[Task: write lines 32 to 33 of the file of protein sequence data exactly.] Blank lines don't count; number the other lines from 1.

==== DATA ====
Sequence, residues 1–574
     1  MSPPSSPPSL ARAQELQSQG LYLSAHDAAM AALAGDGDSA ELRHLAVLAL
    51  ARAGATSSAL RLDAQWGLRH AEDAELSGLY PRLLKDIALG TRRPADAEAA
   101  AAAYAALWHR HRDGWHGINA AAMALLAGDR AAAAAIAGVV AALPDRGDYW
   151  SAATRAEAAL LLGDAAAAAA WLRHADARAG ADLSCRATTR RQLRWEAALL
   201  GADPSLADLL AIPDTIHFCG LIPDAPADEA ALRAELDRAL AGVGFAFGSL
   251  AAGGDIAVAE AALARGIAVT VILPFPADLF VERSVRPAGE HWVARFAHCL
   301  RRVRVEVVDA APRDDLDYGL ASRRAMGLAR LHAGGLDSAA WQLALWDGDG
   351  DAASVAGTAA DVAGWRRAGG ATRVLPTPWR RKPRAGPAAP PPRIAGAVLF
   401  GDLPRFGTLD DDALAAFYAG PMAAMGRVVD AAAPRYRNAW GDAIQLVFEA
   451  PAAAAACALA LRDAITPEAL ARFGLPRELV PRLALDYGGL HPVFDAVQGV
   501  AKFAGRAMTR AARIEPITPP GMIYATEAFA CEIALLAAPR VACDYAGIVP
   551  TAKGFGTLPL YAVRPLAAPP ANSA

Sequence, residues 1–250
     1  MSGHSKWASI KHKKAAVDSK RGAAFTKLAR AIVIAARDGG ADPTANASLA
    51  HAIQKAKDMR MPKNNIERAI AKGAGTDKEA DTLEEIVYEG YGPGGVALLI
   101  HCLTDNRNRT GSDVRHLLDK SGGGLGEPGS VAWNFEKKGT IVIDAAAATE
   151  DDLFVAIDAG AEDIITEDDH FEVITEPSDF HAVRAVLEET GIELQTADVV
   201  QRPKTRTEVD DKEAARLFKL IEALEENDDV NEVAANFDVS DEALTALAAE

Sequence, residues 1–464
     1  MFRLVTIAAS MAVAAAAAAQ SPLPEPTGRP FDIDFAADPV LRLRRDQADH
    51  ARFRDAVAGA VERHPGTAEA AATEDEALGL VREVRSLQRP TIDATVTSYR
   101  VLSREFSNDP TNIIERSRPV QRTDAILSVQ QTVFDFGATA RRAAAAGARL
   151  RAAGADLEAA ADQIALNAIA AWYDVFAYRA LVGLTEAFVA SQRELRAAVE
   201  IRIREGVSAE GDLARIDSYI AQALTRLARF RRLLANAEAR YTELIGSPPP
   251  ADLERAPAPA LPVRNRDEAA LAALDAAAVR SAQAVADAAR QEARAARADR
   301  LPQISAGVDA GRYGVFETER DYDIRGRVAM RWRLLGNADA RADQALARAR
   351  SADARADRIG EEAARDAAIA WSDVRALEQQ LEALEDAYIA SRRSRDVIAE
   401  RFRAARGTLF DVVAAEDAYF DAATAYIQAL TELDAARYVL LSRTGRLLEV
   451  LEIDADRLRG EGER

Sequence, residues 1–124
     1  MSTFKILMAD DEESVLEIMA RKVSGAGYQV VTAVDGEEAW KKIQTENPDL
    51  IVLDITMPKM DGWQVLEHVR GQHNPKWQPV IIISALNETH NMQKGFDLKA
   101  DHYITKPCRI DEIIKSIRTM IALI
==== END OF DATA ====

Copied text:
     1  MSTFKILMAD DEESVLEIMA RKVSGAGYQV VTAVDGEEAW KKIQTENPDL
    51  IVLDITMPKM DGWQVLEHVR GQHNPKWQPV IIISALNETH NMQKGFDLKA